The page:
Our region faces many challenges and we continue to use a largely siloed approach to tackling them: ”Evictions are a housing issue” or “Air pollution is an environmental problem.” Similarly, even though we have a ton of bridges, we don’t cross them as much as we should—and so the challenges in McKees Rocks seem separate from the challenges in McKeesport, the challenges in Beechview separate from those in Bellevue, or the challenges in Perry Hilltop separate from those in the South Hilltop. This ends up with scattered problem solving and an uneven distribution of resources. Essentially, the people, not united, will continue to be defeated. So,
how will the EJPP help us strategize and tackle problems differently?
As we work to build this coalition and platform for equity and justice, we frame the problems and challenges in a different way. Our approach recognizes the following things:
Issues, problems, and challenges are interconnected, so solutions should be, too. Air pollution, for example, is also a health issue, an education issue, a housing issue, a transportation issue, and so on. By recognizing how our challenges intersect, we can come up with better strategies for solving them and bring more people, groups, and organizations together to advocate for change.
Many of the challenges and problems we face extend beyond neighborhood and city boundaries. Though there may be some differences, many challenges in McKees Rocks are connected to the challenges in McKeesport, and so on. By bringing people and groups together across neighborhood and municipal boundaries, we can identify common problems, strategize ways to solve them together, and share strategies that are already working.
Lived experience expertise and subject matter expertise are both critical to problem-solving. Too often, the voices of subject matter experts are given more weight than the voices of people with years upon years of lived experience. Both are important. We need to understand the policies, the laws, and the technical aspects of social issues. We also need to center the impacts of policies and laws on people, their triumphs and struggles, and their needs and dreams. Effective solutions must benefit people. This is why we seek to center this coalition and platform in people’s lived experiences and bring together lived experience experts with subject matter experts to develop solutions.
Each of us has multiple and intersecting identities that shape our experiences, our perspectives, and our opportunities. Having many different voices at the table is essential. No one can know what it is to walk a mile in other people’s shoes. Many different voices will enable us to identify how problems affect all of us differently and help us to develop equitable, just, and respectful solutions.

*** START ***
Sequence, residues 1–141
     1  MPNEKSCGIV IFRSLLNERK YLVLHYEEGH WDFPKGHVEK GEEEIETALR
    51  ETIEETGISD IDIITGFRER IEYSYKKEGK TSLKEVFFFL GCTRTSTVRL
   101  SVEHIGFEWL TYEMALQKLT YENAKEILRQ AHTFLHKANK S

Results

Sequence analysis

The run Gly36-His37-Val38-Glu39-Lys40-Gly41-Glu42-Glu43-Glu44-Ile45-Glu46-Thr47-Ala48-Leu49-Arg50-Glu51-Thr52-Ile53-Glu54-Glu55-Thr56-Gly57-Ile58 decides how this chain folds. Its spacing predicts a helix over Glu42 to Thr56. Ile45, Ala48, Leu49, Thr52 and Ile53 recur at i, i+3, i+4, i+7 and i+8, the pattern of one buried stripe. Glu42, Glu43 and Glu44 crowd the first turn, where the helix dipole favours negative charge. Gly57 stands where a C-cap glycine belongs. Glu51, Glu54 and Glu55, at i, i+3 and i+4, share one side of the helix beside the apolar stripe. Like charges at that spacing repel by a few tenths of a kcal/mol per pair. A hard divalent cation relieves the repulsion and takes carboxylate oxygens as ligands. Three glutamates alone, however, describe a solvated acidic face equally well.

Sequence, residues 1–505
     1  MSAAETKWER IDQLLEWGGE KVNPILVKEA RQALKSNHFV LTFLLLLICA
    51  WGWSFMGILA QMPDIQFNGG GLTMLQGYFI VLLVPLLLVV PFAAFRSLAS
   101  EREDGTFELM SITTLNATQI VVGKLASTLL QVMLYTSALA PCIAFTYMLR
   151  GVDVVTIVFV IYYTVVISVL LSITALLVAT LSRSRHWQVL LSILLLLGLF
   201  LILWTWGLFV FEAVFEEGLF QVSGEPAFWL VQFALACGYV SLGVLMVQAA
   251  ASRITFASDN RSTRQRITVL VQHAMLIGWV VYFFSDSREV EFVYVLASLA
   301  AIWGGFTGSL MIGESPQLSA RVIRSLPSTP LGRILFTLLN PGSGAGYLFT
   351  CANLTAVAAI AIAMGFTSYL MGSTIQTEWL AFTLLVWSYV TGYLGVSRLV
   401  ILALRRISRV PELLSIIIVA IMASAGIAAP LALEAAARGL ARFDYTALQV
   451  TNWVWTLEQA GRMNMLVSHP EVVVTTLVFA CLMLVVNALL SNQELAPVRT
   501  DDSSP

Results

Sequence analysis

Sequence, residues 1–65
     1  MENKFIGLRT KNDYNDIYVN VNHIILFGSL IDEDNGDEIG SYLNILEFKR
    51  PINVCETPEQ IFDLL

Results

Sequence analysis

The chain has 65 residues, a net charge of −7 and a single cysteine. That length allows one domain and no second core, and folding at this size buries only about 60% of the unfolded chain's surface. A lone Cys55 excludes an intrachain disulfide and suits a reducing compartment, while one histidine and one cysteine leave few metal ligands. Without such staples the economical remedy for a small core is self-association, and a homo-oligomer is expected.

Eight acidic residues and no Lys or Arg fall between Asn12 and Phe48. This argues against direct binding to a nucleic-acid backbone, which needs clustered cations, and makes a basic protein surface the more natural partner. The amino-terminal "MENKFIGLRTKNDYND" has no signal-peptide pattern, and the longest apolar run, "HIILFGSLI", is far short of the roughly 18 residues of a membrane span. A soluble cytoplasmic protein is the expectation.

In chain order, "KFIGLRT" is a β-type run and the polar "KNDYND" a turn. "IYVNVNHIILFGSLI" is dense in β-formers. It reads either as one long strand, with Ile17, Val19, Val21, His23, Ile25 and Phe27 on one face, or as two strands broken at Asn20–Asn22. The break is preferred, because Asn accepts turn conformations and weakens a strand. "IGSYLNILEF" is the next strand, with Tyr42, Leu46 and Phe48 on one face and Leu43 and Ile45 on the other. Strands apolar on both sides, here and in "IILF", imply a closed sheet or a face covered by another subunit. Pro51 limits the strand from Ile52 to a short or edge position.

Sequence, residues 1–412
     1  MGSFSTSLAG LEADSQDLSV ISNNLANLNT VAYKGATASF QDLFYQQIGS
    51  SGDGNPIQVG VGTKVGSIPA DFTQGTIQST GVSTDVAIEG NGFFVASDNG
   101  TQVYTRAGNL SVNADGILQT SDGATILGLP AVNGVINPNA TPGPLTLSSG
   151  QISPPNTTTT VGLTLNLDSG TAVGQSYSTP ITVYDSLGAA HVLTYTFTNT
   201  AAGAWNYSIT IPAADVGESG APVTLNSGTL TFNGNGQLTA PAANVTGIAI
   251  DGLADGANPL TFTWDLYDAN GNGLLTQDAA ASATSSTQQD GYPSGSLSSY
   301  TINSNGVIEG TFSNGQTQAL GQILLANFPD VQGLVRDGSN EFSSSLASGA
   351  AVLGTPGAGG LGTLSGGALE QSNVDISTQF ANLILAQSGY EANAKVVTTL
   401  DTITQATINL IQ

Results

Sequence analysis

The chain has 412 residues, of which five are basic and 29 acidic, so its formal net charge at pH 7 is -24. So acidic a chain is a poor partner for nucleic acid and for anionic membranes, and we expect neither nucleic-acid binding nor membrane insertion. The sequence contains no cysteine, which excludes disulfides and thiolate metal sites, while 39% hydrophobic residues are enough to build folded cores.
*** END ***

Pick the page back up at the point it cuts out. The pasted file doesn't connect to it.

COVID-19, continued environmental degradation, and climate change will continue to affect and threaten the region. The scientific evidence is there. The health evidence is there. We know that these threats are real and are already impacting many parts of our lives. They’re not going to go away anytime soon. For that reason, any platform we create must try both to combat them and to reduce their impact.
Sustainability, 100% renewable energy, and other environmental improvements must go hand-in-hand with equity and justice. It is possible for environmental solutions to just focus on the environmental component of climate change and to ignore equity and justice. Here again, we can’t think of the issues and challenges we face as separate. Climate change is rooted in political, social, gender, race, and economic inequities and injustices. Addressing climate change without addressing the inequities at the heart of it risks creating environmental solutions instead of systemic solutions. Environmental solutions by themselves may lead to further inequity and injustice.
Every project is an opportunity to address equity and justice. At the Heinz Endowments and City of Pittsburgh’s 2015 p4 Conference, the founder of PolicyLink, Angela Glover Blackwell reminded the audience to bake in equity into all of the work that they do. As we build this platform, we intend to think about equity and justice at every step in every way. If our solutions don’t address equity as much as possible, then we allow inequity and injustice to continue. Things aren’t going to change overnight, but they can start with a wholehearted commitment to baking inequity in order to create a better future for all of the region’s residents.